July Wrack Line Newsletter

July 2022 Cover Photo


July 16-24: Latino Conservation Week. Multiple Florida events. 


July 8 - 14: the July count window for the Breeding Bird Protocol.  Whenever possible, weekly surveys are preferred for routes with active nesting; it helps capture information about peak counts. 

Fourth of July and All Summer: Beach stewards are needed at important beach nesting sites. Check out the map of local stewardship opportunities and contact us to get involved!  

FSA News

least terns by Jean Hall

Be a 4th of July Hero for Shorebirds and Seabirds

As people head for the coasts for the Independence Day holiday, the FWC is reminding the public to help protect shorebirds and seabirds by giving them space and keeping personal fireworks off the beach. 

Shorebirds on Florida’s Atlantic and Gulf coasts are nesting now, with many of them watching over flightless chicks. Threatened species such as the snowy plover, least tern, black skimmer and American oystercatcher are among the shorebirds facing conservation challenges and needing help from people to survive. Loud noises can cause adults to flush off their nests and tiny chicks to become separated from parents, leaving them vulnerable to predators, the elements, and getting stepped on by beachgoers. At the beach or on a waterway, help shorebirds and seabirds be safe by remembering these tips for a shorebird-friendly Independence Day:

Leave fireworks to the professionals. Keep personal fireworks off the beach and at home; attend an official event instead. The loud sounds and bright lights of personal fireworks on Florida's beaches and waterways can have catastrophic effects on nesting birds and their chicks, as well as nesting sea turtles.

Do the flock walk. Keep at least 300 feet from nesting birds, stay out of posted areas, and walk around flocks of birds. Getting too close to nesting shorebirds, seabirds and wading birds can cause them to flush from their breeding sites, leaving vulnerable eggs and chicks exposed to the elements and predators. Egg temperatures can increase to lethal levels after just a few minutes of direct sun exposure. Shorebirds and seabirds nest in shallow scrapes in the sand and their eggs and chicks are well-camouflaged, making them vulnerable to being stepped on unless people look out for them and walk around flocks of birds.

Properly stash all trash. Trash and food scraps attract predators, such as raccoons and crows, that prey on shorebird eggs and chicks. Litter on beaches and in the water can entangle birds, turtles and other wildlife. Beachgoers can help shorebirds and other native wildlife by properly disposing of all trash, filling in man-made holes in the sand, and removing all personal gear from the beach before sunset. Fishing line can be deadly to waterbirds, sea turtles and other wildlife, so be sure to dispose of it properly. To find a monofilament recycling station near you, visit mrrp.myfwc.com.

Keep Fido at home. Even well-behaved dogs and responsible people can frighten shorebirds, causing them to abandon their eggs and chicks. Birds see all dogs as predators. If you're visiting a pet-friendly beach, keep your furry friend on a leash.  

Look for Critical Wildlife Area (CWA) closures. Be on the lookout for signs designating Critical Wildlife Areas on the beach or coastal islands – these areas are closed to public access to protect high concentrations of wading birds and shorebirds while they nest and raise their chicks. Boaters and beachgoers can help nesting birds by keeping distance and noise volumes low near CWAs.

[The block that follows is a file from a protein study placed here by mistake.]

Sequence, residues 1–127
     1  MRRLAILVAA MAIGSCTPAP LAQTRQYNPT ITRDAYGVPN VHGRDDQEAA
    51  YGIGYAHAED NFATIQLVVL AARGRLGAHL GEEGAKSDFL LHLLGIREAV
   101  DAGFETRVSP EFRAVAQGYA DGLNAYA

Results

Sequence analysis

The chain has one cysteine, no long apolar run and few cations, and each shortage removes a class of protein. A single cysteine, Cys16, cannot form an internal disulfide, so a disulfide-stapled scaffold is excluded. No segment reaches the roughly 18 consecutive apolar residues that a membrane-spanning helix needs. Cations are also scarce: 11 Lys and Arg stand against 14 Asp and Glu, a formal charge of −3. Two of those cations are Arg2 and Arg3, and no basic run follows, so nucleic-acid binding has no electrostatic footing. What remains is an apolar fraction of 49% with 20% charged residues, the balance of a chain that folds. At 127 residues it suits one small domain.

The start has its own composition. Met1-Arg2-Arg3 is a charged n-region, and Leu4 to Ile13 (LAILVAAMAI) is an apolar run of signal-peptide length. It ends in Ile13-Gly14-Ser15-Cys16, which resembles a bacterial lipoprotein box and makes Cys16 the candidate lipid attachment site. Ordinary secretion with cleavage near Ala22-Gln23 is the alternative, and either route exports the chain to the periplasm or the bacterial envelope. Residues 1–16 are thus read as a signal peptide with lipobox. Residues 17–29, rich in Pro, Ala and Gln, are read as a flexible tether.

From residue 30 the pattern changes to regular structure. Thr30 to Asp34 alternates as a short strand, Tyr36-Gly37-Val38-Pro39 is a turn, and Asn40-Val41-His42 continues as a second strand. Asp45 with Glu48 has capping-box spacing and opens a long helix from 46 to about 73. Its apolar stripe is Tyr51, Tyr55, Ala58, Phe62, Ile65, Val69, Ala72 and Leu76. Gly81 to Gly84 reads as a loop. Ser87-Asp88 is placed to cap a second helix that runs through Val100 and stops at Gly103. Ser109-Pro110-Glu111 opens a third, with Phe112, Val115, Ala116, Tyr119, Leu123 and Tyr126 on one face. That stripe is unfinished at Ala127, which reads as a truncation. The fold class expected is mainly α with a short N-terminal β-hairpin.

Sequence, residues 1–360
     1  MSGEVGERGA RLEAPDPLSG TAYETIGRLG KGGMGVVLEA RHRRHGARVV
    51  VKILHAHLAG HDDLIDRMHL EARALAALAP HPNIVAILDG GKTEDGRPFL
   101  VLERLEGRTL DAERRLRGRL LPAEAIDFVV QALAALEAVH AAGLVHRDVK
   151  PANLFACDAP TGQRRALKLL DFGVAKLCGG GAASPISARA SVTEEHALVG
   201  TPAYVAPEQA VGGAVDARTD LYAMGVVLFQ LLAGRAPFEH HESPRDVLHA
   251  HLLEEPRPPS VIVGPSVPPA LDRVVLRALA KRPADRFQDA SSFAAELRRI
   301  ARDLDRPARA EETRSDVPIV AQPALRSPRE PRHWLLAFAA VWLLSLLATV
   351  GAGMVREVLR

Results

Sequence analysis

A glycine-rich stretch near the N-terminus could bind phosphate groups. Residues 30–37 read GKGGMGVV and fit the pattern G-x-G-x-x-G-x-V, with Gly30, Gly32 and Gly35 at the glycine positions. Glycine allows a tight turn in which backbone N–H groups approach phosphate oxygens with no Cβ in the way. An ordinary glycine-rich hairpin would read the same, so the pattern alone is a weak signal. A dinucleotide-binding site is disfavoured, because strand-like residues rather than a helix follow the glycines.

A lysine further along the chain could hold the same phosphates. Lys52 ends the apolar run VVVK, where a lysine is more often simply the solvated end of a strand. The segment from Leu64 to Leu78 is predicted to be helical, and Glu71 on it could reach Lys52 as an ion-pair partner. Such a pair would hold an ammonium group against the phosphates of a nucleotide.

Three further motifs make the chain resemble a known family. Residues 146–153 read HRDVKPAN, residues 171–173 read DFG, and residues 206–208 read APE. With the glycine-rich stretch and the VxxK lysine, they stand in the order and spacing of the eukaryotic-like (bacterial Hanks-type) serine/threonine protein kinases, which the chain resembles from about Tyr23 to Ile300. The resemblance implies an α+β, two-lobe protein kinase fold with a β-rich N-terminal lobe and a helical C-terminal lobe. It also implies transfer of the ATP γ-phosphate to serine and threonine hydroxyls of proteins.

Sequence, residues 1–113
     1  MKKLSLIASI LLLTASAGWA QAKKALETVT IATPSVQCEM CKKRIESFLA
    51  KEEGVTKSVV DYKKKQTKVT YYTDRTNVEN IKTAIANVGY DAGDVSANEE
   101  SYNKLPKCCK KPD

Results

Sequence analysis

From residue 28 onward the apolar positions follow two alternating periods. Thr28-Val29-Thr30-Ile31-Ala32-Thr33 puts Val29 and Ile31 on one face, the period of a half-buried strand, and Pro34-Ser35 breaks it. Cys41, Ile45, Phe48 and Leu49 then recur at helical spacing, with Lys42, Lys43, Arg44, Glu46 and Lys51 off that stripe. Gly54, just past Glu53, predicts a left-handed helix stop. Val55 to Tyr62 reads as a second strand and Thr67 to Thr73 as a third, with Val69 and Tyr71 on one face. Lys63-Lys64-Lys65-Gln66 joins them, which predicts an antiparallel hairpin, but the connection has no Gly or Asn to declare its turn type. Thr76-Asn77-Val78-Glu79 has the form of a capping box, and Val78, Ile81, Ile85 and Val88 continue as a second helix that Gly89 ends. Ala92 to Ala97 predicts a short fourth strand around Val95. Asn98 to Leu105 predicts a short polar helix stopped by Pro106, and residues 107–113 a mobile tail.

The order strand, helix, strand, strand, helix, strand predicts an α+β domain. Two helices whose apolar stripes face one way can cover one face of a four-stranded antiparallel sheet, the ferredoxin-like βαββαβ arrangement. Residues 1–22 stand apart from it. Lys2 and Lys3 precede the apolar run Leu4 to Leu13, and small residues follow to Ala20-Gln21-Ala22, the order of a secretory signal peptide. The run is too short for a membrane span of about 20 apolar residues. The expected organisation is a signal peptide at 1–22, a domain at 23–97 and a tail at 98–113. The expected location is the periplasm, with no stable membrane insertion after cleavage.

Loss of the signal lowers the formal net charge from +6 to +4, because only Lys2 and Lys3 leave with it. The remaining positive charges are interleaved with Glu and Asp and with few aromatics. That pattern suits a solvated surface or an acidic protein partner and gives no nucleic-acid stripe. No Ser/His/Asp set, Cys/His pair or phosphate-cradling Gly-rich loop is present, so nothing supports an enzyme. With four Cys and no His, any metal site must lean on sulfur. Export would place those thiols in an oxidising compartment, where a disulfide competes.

Practice disturbance-free photography. When taking photos, please take great
care to avoid disturbing the birds, and their nests and chicks. Florida’s wildlife photographers can be important advocates for shorebirds and seabirds when following guidance in the How to Be a Shorebird-friendly Photographer brochure.

Spread the word. Let your friends and family know how important it is to give shorebirds space and share the message on social media!

Report disturbance of nesting birds to the FWC’s Wildlife Alert Hotline at 888-404-FWCC (3922) or by texting Tip@MyFWC.com. 

Have a happy Independence Day weekend while sharing the shore! 

Photo: Jean Hall

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FSD Updates

New Feature: Solitary Nest Summaries

Have you ever wanted to see this season’s nesting sequence for a particular pair or nest site? Now you can! Every time you enter a renest’s original nest or a chick’s natal nest, the data can be linked into a nesting sequence. Follow the steps below to see the information about nests, chicks, and renests all in one place.

1. From the My Data page, find the solitary site you’re interested in and click the View/Edit button.

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2. On the new View My Solitary Site page, you will see the site summary showing the original nest and the renest, as well as the distance between the nests. If anything looks incorrect, you can use the Edit button to make corrections.

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3. You can look at the Site Visit Summary to see the entire nesting sequence at a glance. You can see the type of observation, the status at each visit, and the number of days between visits to each nest. In the example below, the original nest produced a downy chick then the pair renested.

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Thoughts or suggestions about this new feature? Share these, and any new ideas for improving the website, by emailing FLShorebirdDatabase@myFWC.com. We welcome your feedback!

Ebb Tidings

FSA Partnership Map

12 FSA Partnerships

Did you know the Florida Shorebird Alliance is comprised of 12 local partnerships? If you'd like to learn more and get involved in your local partnership, email shorebird@myfwc.com.

You can also join the flock on social media: Florida Shorebird Alliance Facebook Group